The problem we have discussed in the following pages viz., the problem of ‘avayava and avayavin’ is one that belongs to the old Nyaya. Indeed, it has a long ancestry and makes its appearance in the very early stagcs of the Nyaya. In the Nyaya Sutra itself we come across its reference. There it is introduced not in a metaphysical context but in an epistemological one viz., ‘how is a thing known? Can it be said to be known by perception, seeing that all its parts cannot be so known?’ This is the purvapaksa which Gotama considers and it is in this context as context as to whether perception is really inferential that Gotama introduces the discussion avayava and avayavin The importance that he attaches to it can be gathered from the fact that he not only devotes the next six sutras to its discussion but reverts to it on a number of occasions, in the third and the fourth adhyayas, e.g., 3.1.51. (in course of discussing whether sense- organs are on many in view of the fact that the avayavin is one, though residing in many places); 3.2.16 and 4.1.18 (destruction and origin are due to change of old form and assumption of old form and assumption of a new one by the parts); 4.1.36 (discussion of the Buddhist purvapaksa that a thing is really many, not one); and lastly in the Avayavavayavi-prakarnan from 4.2.4-4.2.17. There are also other places where Gotama has touched has touched upon the problem but the above references are sufficient to show that the builder of the Nyaya system attached more than usual importance to it. Vatsyayana also has elaboratcly commented on some of these sutras, thereby extracting their hidden implications and references; but it is Uddyotakara who for the first time worked out the full details of the doctrine of avayavin. He specifically referred to and discussed the various arguments of the Sankhya and the Buddhist against it, disposed of them and stoutly defended the Nyaya. In his defence of the Nyaya he brought a logical acumen and a polemical fervour which won him the famous tributes of the great Sanskrit dramatist Subandhu-‘Nyayasthitimiva Uddyotakara svarupam-an embodiment of the Nyaya defence. Vacaspati followed the tone and direction set by Uddyotakara and brought to the exposition and defence of the Nyaya view his massive learning and masterly lucidity. He dealt with the criticisms made by Dharmakirtl and other Buddhist scholars against Uddyotakara and put the Nyaya on a sure foundation. Udayanacarya and Sridhara who came after him further enriched the Nyaya with their valuable contributions-this is especially of the former who is ranked as the doyen amongst the old Naiyayikas and with whom the age of pracina nyaya is supposed to have closed.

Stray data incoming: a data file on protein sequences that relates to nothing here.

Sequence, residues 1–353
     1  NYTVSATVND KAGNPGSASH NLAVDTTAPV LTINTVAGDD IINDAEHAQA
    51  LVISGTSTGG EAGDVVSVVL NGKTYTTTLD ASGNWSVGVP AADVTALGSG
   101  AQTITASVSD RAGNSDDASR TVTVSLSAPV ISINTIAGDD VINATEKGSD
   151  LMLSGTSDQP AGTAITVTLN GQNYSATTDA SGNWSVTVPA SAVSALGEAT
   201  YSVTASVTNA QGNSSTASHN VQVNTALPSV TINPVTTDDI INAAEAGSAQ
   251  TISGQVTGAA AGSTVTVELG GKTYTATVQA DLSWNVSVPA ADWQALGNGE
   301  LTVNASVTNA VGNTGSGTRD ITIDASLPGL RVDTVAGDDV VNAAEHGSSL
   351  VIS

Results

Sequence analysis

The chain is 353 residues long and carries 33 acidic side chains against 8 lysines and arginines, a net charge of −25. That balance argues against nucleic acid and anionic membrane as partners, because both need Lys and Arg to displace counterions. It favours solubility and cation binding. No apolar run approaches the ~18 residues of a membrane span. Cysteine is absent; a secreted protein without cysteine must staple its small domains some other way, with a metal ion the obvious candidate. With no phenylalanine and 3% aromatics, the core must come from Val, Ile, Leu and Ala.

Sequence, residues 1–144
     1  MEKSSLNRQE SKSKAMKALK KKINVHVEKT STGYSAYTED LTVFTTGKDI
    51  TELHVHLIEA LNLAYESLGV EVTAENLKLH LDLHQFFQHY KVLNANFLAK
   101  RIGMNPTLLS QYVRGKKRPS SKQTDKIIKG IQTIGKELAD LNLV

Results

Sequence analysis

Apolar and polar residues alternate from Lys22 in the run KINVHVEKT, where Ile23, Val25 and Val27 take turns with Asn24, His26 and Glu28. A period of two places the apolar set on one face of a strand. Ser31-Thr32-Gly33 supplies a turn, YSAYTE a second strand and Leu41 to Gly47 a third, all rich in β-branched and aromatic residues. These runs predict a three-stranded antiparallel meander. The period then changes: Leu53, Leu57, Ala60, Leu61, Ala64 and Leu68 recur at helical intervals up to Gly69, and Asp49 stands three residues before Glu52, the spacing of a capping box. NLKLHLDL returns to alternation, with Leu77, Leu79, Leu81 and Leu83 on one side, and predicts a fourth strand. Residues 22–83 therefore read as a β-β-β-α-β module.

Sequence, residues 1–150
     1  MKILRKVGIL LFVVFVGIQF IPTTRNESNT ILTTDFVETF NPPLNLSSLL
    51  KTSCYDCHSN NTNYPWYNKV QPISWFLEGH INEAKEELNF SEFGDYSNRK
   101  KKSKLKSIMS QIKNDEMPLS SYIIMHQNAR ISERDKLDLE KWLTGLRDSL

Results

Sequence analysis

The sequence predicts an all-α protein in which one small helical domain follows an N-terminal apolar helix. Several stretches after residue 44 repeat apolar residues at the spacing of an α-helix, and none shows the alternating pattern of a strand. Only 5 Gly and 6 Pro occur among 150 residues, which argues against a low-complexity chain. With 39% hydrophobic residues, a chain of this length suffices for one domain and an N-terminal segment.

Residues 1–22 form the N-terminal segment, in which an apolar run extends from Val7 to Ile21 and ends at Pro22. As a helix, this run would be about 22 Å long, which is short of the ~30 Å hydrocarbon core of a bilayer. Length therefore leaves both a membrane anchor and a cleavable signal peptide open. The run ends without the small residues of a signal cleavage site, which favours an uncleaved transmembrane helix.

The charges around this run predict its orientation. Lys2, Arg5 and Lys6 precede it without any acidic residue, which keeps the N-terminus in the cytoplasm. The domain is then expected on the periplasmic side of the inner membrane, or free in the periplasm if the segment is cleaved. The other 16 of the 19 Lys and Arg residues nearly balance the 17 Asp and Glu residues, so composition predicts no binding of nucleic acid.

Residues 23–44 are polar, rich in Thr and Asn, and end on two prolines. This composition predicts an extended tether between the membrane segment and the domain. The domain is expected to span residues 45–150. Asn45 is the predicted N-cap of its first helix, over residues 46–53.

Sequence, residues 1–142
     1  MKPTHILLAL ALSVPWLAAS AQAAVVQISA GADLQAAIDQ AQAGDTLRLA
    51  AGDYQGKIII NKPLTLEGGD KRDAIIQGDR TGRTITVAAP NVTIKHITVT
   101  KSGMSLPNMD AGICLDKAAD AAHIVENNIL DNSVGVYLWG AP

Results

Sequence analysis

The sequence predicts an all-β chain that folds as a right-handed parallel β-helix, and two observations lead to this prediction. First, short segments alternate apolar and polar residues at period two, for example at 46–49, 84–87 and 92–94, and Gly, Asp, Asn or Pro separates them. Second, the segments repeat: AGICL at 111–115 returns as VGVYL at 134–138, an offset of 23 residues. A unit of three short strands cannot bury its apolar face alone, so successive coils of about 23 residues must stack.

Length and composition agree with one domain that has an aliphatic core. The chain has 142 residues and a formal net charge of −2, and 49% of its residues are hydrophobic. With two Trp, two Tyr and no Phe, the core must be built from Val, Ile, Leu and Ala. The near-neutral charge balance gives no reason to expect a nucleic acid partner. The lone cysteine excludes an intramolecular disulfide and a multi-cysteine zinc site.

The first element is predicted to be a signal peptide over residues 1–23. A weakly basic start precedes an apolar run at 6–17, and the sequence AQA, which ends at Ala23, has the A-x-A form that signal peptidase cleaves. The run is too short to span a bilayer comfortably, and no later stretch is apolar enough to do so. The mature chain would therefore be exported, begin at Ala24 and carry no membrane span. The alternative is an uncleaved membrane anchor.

One thing we may note here. After Vacaspati it was Buddhism which remained the only formidable adversary, the Sankhya having receded into the background. Udayana has dealt with Buddhist objections in the Atmatattvaviveka (otherwise known as Buddhadhikara), but has not given any fresh argument against the Sankhya. This show that in the 8th-10th centuries no Sankhya philosopher flourished who successfully repulsed the earlier Nyaya criticisms and hence, no further defence of the Nyaya was necessary. After Udayana began the age of Navya Nyaya when epistemological discussion came to the fore and metaphysical problems were relegated to a secondary status. Hence we do not hear much of the problem of parts and whole in this period.